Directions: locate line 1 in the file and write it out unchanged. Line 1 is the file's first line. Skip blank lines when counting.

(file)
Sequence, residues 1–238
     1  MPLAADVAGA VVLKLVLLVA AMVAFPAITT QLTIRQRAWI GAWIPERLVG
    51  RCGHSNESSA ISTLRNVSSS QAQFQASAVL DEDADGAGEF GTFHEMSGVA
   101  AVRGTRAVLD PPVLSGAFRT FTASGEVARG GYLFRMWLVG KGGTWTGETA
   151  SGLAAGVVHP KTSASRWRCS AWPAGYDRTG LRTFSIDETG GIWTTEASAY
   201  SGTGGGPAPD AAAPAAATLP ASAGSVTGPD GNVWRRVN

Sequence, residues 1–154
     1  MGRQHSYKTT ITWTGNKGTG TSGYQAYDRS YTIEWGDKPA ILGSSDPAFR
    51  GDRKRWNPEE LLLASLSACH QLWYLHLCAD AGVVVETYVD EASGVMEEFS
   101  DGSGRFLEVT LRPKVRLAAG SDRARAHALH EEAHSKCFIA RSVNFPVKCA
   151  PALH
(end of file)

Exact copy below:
Sequence, residues 1–238